Wednesday, April 7, 2010

Celiac Sprue: Friend or Foe?


I chalk my latest and greatest disease up as a friend. So far, the pros far outweigh the cons. I praise the Lord that I am not craving gluten filled products (except for chicken nuggets, yum) as much as I had anticipated. The diet thus far has been incredibly manageable and simple (as long as we aren’t going to restaurants…that can get tricky unless it’s Mazaa or Noodles and co.). I have found new inspiration to cook and am having a great time trying to hone in on my non-existent inner chef skills.

OK. Here are the cons:

• Obviously, saying good-bye to most fried foods, all fast food, soy sauce (the GF version just isn’t the same), ravioli, flour tortillas, (soft, warm) cookies, ready-made pie crusts, monkey bread, Hawaiian sweet rolls, cookie dough, Chinese noodles, PB&Js, Zatarain’s, Crown burger, flat bread, naan, barley, so on and so forth.

• Needing Andy to baby-sit my foolish cooking ways. I am learning and trying really hard, but I still do stupid things like chop up the stalk of fennel instead of the root (whoops) or purchase the 16 oz can of diced tomatoes instead of the 28 oz can. I am thankful to have Andy here to fix my mistakes, but it’s so frustrating!! Also, I am a terror when it comes to other people offering guidance. I get stubborn and oppositional defiant…imagine a 25 year old child grabbing the knife and shouting, “NO!! I CAN DO IT!!” Disgustingly enough, that is me, the cook, in a nutshell.

• Reading labels. I am not good at this yet so I try to steer clear of mixes and spice packs. I mean, I know when a product says ‘wheat’ ‘barley’ or ‘rye’ it is usually out but it’s trickier than that. Thankfully, I have a friend who has offered me a crash course on label reading. What average person really knows what Triticum monoccum, L-cysteine, and rennet are? I hope to in the near future.

In-betweens (neither pro nor con…just me thinking on paper):

• Many GF substitutions are friggin’ nasty. I would rather stick with foods that are naturally devoid of gluten than start eating millet bread. Also, I tried my hand with some brown rice rotini…never again. I hear that rice tortillas are pretty good, but I am content with corn. I don’t see the necessity for substitutions. I can’t have bread anymore…ok. That doesn’t mean I need fake bread! I know, I just haven’t developed a taste for it, but still-- that fake pasta was super gross.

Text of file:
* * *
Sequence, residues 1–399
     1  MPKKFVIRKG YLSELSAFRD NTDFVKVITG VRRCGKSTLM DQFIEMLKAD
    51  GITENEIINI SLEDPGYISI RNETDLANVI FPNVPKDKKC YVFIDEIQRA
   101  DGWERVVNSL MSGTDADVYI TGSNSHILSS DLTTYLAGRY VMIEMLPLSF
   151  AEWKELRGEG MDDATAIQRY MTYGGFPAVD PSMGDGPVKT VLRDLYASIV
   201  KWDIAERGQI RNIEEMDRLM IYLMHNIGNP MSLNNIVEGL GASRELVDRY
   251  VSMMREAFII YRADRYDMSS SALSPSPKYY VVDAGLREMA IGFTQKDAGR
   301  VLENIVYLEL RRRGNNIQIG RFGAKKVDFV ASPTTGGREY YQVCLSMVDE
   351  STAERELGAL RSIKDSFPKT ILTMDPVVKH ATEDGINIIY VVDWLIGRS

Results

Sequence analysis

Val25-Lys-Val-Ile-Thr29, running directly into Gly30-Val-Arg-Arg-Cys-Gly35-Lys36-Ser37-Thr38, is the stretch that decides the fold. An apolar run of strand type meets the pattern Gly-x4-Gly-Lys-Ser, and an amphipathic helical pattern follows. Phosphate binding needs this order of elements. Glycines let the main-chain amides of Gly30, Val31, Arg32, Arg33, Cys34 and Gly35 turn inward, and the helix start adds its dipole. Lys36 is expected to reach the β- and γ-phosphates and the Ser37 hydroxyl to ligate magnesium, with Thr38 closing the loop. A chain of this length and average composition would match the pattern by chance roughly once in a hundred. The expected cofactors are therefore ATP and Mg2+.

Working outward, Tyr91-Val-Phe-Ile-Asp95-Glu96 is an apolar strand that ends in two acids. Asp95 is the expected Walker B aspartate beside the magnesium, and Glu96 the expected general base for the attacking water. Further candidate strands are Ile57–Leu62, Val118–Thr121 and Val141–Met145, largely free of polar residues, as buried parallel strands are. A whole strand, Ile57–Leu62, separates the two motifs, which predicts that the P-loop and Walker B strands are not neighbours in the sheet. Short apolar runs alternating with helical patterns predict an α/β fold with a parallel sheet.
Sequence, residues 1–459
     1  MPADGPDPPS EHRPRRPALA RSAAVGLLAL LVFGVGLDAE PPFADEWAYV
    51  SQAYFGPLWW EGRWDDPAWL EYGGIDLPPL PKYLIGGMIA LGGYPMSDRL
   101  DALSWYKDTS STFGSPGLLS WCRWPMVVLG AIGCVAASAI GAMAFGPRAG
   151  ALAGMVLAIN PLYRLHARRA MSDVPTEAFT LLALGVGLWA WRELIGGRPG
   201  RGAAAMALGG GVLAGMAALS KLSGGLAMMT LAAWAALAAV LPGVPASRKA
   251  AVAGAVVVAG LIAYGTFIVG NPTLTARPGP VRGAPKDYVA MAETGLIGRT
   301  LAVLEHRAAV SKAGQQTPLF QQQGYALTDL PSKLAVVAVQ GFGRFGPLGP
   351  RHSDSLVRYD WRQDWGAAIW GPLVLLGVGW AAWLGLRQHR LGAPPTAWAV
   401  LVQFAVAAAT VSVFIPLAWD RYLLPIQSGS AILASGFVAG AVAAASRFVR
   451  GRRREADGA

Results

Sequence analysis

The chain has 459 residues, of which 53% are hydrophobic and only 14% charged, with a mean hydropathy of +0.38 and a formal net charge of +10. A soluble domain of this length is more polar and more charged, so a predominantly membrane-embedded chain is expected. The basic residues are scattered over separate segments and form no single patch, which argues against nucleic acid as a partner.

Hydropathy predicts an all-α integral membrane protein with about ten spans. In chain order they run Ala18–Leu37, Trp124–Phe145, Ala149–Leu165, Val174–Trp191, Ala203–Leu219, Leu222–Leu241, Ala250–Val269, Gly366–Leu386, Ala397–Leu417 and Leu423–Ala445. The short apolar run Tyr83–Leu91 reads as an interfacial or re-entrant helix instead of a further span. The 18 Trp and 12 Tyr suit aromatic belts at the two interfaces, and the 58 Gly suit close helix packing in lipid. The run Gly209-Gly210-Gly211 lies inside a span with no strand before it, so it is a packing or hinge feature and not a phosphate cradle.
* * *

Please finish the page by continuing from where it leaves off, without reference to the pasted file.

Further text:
• Andy is a super good sport. He is the ultimate guinea pig and trusts me to not poison him inadvertently. He eats all of my concoctions (even if they suck) and tells me how good it is and how well I did. He has been a fantastic cheerleader. Also, when we eat at home, he’s gone mostly GF with me. We keep a loaf of bread in the fridge, but we’ve been on the same loaf for 4 weeks now. He was good enough to finish off my wheat thins for me (so I wouldn’t be tempted) and sticks to his gross triscuits (by which I am NOT tempted).

Pros:

• Three weeks in and 8 lbs down. Completely unexpected and not too shabby! It’s amazing what happens when you become really picky about what you eat. I have been devouring fruit and almonds like they are going out of style. Since I’m down 8, I’m going to go ahead and hope for 15 more. :)

• I feel better! I guess this probably should have gone at the top of my list but frankly, I am more excited about losing weight. :) Who wouldn’t be? It will take a little longer for my intestine to heal but so far, so good!


• New recipes!!! I am compiling my own book of recipes that I know I can cook. If a recipe doesn’t work, I throw it away (or in one case, Andy makes it work). I have absolutely fallen in love with cooking lentils and quinoa. I have entered the wild world of cumin, coriander, and fresh garlic! I now use strange vegetables called bell peppers! I have never gone through so many onions in my life! So far, I have successfully made (among many other things) a Thai soup, Risotto, Mazaa’s spinach and lentil soup (not their recipe but it tastes exactly the same!), a zesty Mexican chicken and rice dish, and I anticipate my first roast this weekend. For now, I have no desire to bake. I don’t like baking; I have never liked baking. I always preferred to buy the pre-made dough and eat it raw. Mmm. This disease will make a cook out of me yet.

• Cheaper food bill per month. Andy and I were notorious for saying things like ‘we really need to stop eating out so much,’ stick with that cute idea for a week or so, and then continue our 4 or 5 meals out per week. This lovely little disease has made eating out somewhat difficult. I would rather cook and have to deal with waiters…isn’t that sick? Also, because I am cooking more, there are more leftovers to take for work lunches. Brilliant!

That’s my list so far. Celiac disease isn’t easy, but it’s WAY better than what I was anticipating. I appreciate all of the advice and suggestions given to me by my family and friends. I am doing great and learning a ton! Thanks for your support!

5 comments:

kyle said...

way to go Candace. seems your on board for the food revolution too! Shannon Musgrace wrote about her change here recently too. Mine isnt so drastic. Im lactose intolerant and finally decided to start eating like one. Now my tummy feels better! HAHAHA! Way to go!

Emilia said...

I want the Thai soup recipe! :)

kristi :) said...

I am so proud of you for staying so positive! you've always been someone that takes what you're given and kicks the s#$% out of it and makes it work for you. I love that about you!

Stef said...

That is such a drastic change in life. I have a friend who also has this and she has a website with recipes. It's anniesglutenfreekitchen.blogspot.com I hope everything is going well.

Heidi said...

we buy dehydrated onions in the number 10 can size and then just use them in recipes...it saves so much time and I hate to chop onions...it's a thought for you!